As an Arts & Crafts church fancier, you will have your work cut out in Wales.
The big, intimidating chapels which peppered 19th-century Wales had little truck with the fancy-pants foibles of the Artsy-Craftsy (though Hermon Calvinistic Methodist Chapel, Cymdu, Llanarmon Dyffryn Ceiriog, Powys, 1908, comes close – if you can find it). The strong-minded congregations who paid for these chapels, whether Baptist, Congregationalist, Wesleyan, Primitive or Calvinistic Methodist, demanded rectitude, seriousness, and a dominant street presence – all qualities the Arts & Crafts were indifferent to. On the whole, Welsh denominations appointed architects from among their own ranks – solid, reliable, worthy. Again, not really the metier of will-o-the-wisp Arts & Crafts architects.
But there was another sort of Welshness. A reaching back into the misty past – the Mabinogion, Twm Siôn Cati (the Welsh Robin Hood), bards and druids. A heady mixture of hwyl and hiraeth — and all the more strongly felt, it seems, if felt by an outsider. This Welshness has nothing to do with place or birth or heredity. It is a state of mind, and rooted dreamily in a mythic idyll.
In 1924, St Eloi, Llandeloy was more or less one wall and some fragments of other stone structures in a field. It had been a ruin since the 1840s. There had been efforts to rebuild it in the 1890s and again before the Great War. The final push seems to have come from the Archdeacon of St David’s – from 1920, David Lewis Prosser (1868-1950). St David’s is just seven miles from Llandeloy.
But why? The parish was poor. They seem to have managed without an Anglican church quite happily for nearly a century.
Prosser was a vigorous Anglo-Catholic. He believed the Anglican Church was the true church of Wales, and that ‘Roman clergy and Nonconformist ministers are intruders … There may be historical excuse for their being here, but we cannot recognise their right to be here.’ It was very likely through Prosser’s influence that John Coates Carter (1859-1927) – his friend, and also Anglo-Catholic – was appointed architect.
Coates Carter’s approach to rebuilding was, on the face of it, scholarly: ‘Mr Coates Carter says the original church would appear to be of an early date, perhaps even of the twelfth century.’ And he stated his intention to be meticulously SPAB-by, ‘care being taken to preserve every vestige of old work in its original position.’ He was aiming for the church ‘as what it most likely was at the beginning of the sixteenth century.’ Intriguingly, A Topographical Dictionary of Wales (S Lewis, 1833) reports the church ‘is not remarkable for any interesting architectural features.’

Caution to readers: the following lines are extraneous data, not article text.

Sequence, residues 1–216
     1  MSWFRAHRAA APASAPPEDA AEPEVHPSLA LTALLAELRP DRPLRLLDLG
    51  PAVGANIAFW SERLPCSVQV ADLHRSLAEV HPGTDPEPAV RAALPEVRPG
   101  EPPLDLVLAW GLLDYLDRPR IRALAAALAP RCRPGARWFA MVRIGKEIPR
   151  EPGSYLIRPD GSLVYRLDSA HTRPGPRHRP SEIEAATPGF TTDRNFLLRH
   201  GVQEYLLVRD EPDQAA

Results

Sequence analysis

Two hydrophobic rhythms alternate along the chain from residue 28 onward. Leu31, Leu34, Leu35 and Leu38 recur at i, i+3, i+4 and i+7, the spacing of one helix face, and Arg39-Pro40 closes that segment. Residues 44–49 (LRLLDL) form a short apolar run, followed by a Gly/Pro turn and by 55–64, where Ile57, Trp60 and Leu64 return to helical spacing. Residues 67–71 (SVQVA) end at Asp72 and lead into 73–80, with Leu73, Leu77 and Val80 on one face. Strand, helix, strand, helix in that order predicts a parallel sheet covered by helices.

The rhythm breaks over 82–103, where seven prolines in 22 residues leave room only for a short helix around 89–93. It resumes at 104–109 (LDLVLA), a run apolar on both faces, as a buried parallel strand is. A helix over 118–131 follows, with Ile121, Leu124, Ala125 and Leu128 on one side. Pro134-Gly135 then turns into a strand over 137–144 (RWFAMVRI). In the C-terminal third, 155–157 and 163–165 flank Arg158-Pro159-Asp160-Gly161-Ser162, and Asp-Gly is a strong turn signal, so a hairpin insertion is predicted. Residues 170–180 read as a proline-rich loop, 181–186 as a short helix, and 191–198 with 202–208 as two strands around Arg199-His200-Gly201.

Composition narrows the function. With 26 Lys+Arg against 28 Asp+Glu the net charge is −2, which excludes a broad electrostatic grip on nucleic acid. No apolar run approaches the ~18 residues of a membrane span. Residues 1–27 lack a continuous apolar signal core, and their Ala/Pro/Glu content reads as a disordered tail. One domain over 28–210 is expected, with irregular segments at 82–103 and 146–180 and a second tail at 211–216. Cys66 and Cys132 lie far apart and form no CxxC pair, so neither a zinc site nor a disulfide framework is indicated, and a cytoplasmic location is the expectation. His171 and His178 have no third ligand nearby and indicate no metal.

But there was something else going on too. The Anglican Church in Wales had been disestablished in 1920. In this context, Llandeloy can be seen, from the Archdeacon’s point of view, at least, as a sort of ecclesiological political statement: a pre-Reformation Welsh church – a proper church – boldly reconstructed in the teeth of disestablishment.
Thrillingly, there survived at Llandeloy a potently pre-Reformation rood stair, a squint, and the
foundations of a transept altar! All a long way from Welsh nonconformity.
But the rebuild was also nostalgic and romantic.
What Coates Carter built was a sort of Welsh rhapsody: a dream of low stone walls, rugged lonesomeness, dim light, mystery and glamour. It is a wonderfully theatrical experience (as a pre-Reformation church would have been) as one gently rises from west to east, penetrating a powerful rood screen (in memory of a Great War casualty, son of the parish, and echoing the great Welsh survivals at Llananno and Llangwm Uchaf) to an altar (stone, which an Anglican altar should not be), surmounted by a painted and gesso reredos of strikingly naïve directness, such as no church before about 1920 could possibly have sported. The doll-like figure of Christ was probably made and painted by Coates Carter himself, an act both devotional and true to Arts & Crafts ideas of the designer and maker as one.
Pembrokeshire boasts four similar reredoses by Coates Carter. At Angle, three children meet a benevolent gleaner in a field, a man with a scythe standing by, and a team of oxen ploughing. It is nothing much to do with historical precedent, but a lot to do with Carter’s personal dedication to the glory of Christ and an idyllic, bucolic, pre-industrial, even prelapsarian Wales.
Carter was not Welsh. He was from Suffolk. But, yes, he was born a farmer’s boy.